I still haven’t gotten used to the iPhone 6. No, not the Plus; even the regular iPhone 6 can be a bit unwieldly at times. As smartphone sizes continue to grow, my hands stay at roughly the same size. As a result, I find it tougher to type consistently without errors, and as I keep upgrading devices, I have to essentially re-learn everything. I’ve been using Crimson, a new typing app, for over a week now, and it’s made the switch a bit easier in terms of my acclimation.
Crimson employs a “swipe” design, so that all you have to do is type something, then swipe up to instantly queue up a word and insert an automatic space. The engine is powered by a system called “Adaptxt,” which predicts phrases and eventually learns your idiosyncrasies. While I haven’t been blown away by the adaptive nature in terms of a personal touch, the prediction functionality works as advertised.
The setup is simple, and thankfully doesn’t require registration of any kind. You just go into your keyboard settings and give it full access. To use Crimson, you can press the little globe icon while typing anything on your device—super easy and non-invasive. I was pretty happy with how little or often I could use the service. If all else fails, you can just not swipe and use it as a regular keyboard (it basically looks like the native UI), but the five color options for Crimson help spice up the vanilla experience.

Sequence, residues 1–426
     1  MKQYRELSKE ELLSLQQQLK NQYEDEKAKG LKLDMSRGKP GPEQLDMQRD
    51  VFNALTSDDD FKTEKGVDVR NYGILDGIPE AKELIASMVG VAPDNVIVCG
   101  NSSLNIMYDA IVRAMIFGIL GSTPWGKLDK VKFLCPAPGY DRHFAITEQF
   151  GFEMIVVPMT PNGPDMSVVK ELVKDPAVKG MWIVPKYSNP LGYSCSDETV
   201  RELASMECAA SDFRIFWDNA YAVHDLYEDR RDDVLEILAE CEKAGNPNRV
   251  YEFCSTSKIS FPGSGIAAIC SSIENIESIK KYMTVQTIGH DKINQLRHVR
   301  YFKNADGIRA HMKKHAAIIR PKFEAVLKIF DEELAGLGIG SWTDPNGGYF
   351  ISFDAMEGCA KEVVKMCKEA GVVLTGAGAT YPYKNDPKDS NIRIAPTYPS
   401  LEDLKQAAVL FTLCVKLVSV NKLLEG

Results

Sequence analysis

The major problem with Crimson is that it doesn’t have any advanced or extended features—what you see is basically what you get. Although the predictions are helpful, they are best suited for shorter, more conversational-centric dialog.
Hopefully Crimson as a keyboard platform will continue to grow and add new bells and whistles to justify its cost. For now, I’m enjoying the idea of casually switching over to the optional system whenever I write texts and take shorthand notes.
Crimson Keyboard is an iOS app that can be downloaded for $1.99 in the iTunes App Store.